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Title: Exploring novel regimes for ion acceleration driven by intense laser radiation
Author: Dover, Nicholas
Awarding Body: Imperial College London
Current Institution: Imperial College London
Date of Award: 2013
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This thesis covers experimental and numerical studies on novel schemes of ion accelera- tion with high intensity lasers. In particular, it discusses previously unexplored regimes incorporating the radiation pressure of intense lasers. These schemes are of interest to potential applications due to the emergence of improved ion beam properties that are detailed in this thesis. The thesis discusses results from ion acceleration experiments using intense optical lasers on ultra-thin targets at the Rutherford Appleton Laboratory, where the Vulcan Petawatt system was used to irradiate nanometre thickness foils. In particular, the accelerated proton beam profiles from these interactions showed a variety of features, such as Rayleigh-Taylor-like instability driven spatial beam modulation, annular rings and a high-energy tail. A particularly interesting novel observation is the emergence of a spectrally peaked on-axis component to the proton beam, which is indicative of buffering of the proton layer ahead of a heating heavier ion species. These different features will be analysed and discussed, and modelled using PIC simulation. The thesis also includes the results from recent experiments studying the interaction of an intense CO2 laser with an overdense plasma generated by a gas jet. A remarkably monoenergetic proton beam was measured, in contrast to the majority of experiments performed previously on ion acceleration, and was found by optical probing and numer- ical simulation to be a result of hole-boring generated by the radiation pressure of the intense laser pulse acting on the plasma. The thesis will include analysis of interferometry and shadowgraphy images of the plasma, and discussion of the plasma dynamics and ion generation mechanisms involved, including the generation of radiation pressure driven collisionless shock waves. The effects of the laser prepulse, electron transport effects and non-linear post-soliton production will all be discussed. It will also present detailed numerical particle-in-cell (PIC) simulation of the interaction.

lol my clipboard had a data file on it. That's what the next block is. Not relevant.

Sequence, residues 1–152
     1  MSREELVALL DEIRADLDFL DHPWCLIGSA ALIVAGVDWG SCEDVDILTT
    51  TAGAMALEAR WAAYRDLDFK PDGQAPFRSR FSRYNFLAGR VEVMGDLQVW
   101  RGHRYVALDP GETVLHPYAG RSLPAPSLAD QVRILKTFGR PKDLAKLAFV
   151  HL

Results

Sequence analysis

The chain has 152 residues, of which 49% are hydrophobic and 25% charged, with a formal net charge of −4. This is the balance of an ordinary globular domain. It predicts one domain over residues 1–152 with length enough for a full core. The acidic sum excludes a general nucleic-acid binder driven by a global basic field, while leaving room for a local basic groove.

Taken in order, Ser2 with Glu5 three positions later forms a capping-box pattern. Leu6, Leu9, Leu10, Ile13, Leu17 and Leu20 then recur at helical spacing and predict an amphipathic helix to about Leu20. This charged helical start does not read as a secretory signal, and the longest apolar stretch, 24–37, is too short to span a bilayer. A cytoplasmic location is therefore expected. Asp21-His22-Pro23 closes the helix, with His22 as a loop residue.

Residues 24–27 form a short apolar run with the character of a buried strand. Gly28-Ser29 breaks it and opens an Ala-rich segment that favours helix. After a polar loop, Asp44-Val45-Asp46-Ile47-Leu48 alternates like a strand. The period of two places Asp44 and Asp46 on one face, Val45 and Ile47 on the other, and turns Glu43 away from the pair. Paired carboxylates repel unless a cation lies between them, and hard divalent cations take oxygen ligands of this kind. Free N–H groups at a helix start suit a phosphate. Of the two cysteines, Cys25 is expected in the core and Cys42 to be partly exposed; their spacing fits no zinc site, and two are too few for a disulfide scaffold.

Supervisor: Mangles, Stuart ; Najmudin, Zulfikar Sponsor: LIBRA Consortium
Qualification Name: Thesis (Ph.D.) Qualification Level: Doctoral